It would only be in 2008, when three military people took the SANDF to court. They challenged the court to look at the current SANDF policies that had been purposely excluding people living with HIV from the military for years. You can read up on the case in this below: http://www.saflii.org/za/cases/ZAGPPHC/2014/727.pdf

I found it particularly interesting how the SANDF argued for their policies. Some of their reasons for excluding people living with HIV from the force are as follows:

· People living with HIV are unhealthy and chronically ill.

· The SANDF was already oversubscribed. Therefore, they had the option of picking the most suitable candidates.

· The SANDF budget was already stretched and could not accommodate providing treatment for people living with HIV.

· Soldiers are required to do constant rigorous exercise, which was not recommended for people living with HIV.

· Medical evidence suggest that HIV-compromised persons suffer from short-term memory loss and have difficulty integrating information, all of which affect their decision-making abilities wen executing their duties.


Upon hearing all arguments, the court did find the SANDF policies unconstitutional. The SANDF was forced to amend its health policies with immediate effect. This included recruitment, external deployment and promotion of militants living with HIV.


Under the new policy, militants are classified according to their health status and needs. An HIV positive militant that is “stable” can be deployed “anywhere at any time”. It is unclear what criteria is used to determine stability. However, for international deployment, the militant must have a CD4 cell count higher than 350 and an undetectable viral load. Before the militant is deployed, it is required that they’re on ARVs for at least 6 months before being considered. Failure to adhere to this may be grounds for SANDF to declare this person unfit.


Five years later, despite the 2008 ruling and “adoption” of the new policy, the SANDF was challenged in court once again (https://www.news24.com/SouthAfrica/News/SANDFs-HIV-policy-attacked-20140729). Two women’s contracts were not renewed after they tested positive, after a “routine medical assessment”. Unfortunately, I couldn’t read on what happened to this case. All the reports said judgement was reserved. There was another case in 2016 (https://www.iol.co.za/news/south-africa/free-state/i-learned-i-was-hiv-when-i-tried-to-join-the-army-2095071). Although it did not make it in court, it highlighted the resistance of the SANDF in adhering to the original 2008 judgement.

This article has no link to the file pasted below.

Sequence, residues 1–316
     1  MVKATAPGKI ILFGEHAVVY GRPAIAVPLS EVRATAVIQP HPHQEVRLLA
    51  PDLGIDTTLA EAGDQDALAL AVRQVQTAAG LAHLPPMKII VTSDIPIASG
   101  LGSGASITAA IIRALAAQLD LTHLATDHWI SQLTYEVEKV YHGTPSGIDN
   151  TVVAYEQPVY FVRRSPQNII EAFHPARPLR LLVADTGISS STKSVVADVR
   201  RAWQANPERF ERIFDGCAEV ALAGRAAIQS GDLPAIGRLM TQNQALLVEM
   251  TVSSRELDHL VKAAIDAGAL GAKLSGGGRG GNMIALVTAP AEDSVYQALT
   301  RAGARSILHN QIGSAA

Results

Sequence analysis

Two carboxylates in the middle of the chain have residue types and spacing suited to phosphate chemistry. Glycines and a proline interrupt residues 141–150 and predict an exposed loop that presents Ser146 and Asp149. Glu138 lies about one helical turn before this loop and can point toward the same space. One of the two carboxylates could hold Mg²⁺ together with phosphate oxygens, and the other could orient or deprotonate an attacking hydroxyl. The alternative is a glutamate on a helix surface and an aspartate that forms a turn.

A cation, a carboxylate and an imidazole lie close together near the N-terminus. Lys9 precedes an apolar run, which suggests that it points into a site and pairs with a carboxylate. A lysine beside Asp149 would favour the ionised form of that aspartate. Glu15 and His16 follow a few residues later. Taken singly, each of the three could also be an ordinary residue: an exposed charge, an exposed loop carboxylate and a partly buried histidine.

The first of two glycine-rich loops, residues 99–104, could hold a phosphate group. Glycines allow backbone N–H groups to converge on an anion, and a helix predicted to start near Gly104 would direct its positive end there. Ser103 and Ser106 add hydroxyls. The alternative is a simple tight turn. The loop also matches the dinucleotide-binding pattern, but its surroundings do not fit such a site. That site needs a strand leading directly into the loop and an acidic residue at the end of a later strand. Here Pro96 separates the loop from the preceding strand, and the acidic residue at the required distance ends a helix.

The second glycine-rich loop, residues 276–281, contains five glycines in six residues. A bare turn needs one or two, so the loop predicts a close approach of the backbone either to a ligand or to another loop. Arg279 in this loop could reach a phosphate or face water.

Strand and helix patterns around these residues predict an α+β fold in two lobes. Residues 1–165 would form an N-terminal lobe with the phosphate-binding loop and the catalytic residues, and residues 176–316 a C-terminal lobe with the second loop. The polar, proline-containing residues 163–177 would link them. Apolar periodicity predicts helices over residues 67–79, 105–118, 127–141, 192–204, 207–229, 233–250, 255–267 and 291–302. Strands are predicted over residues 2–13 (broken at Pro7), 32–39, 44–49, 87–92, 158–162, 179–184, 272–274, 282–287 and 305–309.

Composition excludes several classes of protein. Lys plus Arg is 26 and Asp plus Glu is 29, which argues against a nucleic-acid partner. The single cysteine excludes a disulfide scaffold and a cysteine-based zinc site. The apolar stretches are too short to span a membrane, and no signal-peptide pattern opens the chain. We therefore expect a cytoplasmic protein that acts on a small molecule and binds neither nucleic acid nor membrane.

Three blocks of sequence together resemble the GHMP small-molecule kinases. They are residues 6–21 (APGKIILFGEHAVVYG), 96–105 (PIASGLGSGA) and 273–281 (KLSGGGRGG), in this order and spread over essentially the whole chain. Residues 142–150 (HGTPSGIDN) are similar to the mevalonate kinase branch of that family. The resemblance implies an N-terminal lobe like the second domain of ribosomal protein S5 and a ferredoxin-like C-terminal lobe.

South Africa is not the only country that has been in the spotlight regarding this matter. In 2000, the Namibian Defense force was taken to court to review testing potential recruits to determine whether they’re physically fit for the military (https://namiblii.org/na/judgment/labour-court/2000/1). It was a similar case in Australia (https://www.ilo.org/global/topics/hiv-aids/legislation/WCMS_241371/lang--en/index.htm). A militant was dismissed from his job after his tested positive for HIV. He went to court and challenged his dismissal. And it was the same with another militant in Canada (https://goldblattpartners.com/experience/notable-cases/post/canada-attorney-general-v-thwaites/).


As I said, the SANDF has not been the only industry in the spotlight for testing their recruits. Civil Aviation Authority is another example. In 2000, there was the South African Airways vs Hoffman case. The court heard that Hoffman passed all other tests relating to his application with flying colours and was turned down solely on the basis of his HIV status (https://www.news24.com/SouthAfrica/SAA-admits-HIV-discrimination-20000818). Two years ago, another flight attendant claimed to have been grounded after his publicly disclosed his HIV status. The CAA obligates flight personnel to disclose their HIV positive status or face legal action. Many HIV-positive crew members simply don’t disclose (https://www.spotlightnsp.co.za/2018/06/13/flight-attendant-grounded-because-of-hiv-status/).


It has been very important for me to bring more aware on such a topic, to hopefully continue shedding light on how unfair and discriminatory these practices are – that they deliberately exclude people living with HIV from working, because they’re perceived as a high risk.


If you ever find yourself in such a situation, please do not shy away from the seeking legal assistance. An HIV test should always be carried with your full consent.

We have come a long way, but when one of us is not free…we are all not free.


Nozibele Qamngana Mayaba